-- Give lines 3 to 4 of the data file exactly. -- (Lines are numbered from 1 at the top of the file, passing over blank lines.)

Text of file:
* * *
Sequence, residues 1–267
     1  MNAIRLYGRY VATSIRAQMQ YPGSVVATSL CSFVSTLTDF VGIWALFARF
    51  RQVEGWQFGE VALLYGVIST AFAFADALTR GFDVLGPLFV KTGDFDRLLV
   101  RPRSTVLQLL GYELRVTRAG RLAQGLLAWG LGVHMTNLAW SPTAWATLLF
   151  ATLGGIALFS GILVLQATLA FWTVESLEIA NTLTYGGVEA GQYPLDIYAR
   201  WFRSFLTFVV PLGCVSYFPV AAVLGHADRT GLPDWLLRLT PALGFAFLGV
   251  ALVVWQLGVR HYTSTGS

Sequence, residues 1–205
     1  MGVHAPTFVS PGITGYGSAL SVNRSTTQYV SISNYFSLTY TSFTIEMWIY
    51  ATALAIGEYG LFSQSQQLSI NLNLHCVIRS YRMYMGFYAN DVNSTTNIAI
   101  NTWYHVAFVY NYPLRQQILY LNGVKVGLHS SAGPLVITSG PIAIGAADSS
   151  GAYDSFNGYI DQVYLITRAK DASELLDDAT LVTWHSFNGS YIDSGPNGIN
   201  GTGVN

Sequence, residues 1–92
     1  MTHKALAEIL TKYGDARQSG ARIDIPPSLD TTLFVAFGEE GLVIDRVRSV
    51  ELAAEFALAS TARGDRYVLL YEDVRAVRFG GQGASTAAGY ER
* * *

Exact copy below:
    51  RQVEGWQFGE VALLYGVIST AFAFADALTR GFDVLGPLFV KTGDFDRLLV
   101  RPRSTVLQLL GYELRVTRAG RLAQGLLAWG LGVHMTNLAW SPTAWATLLF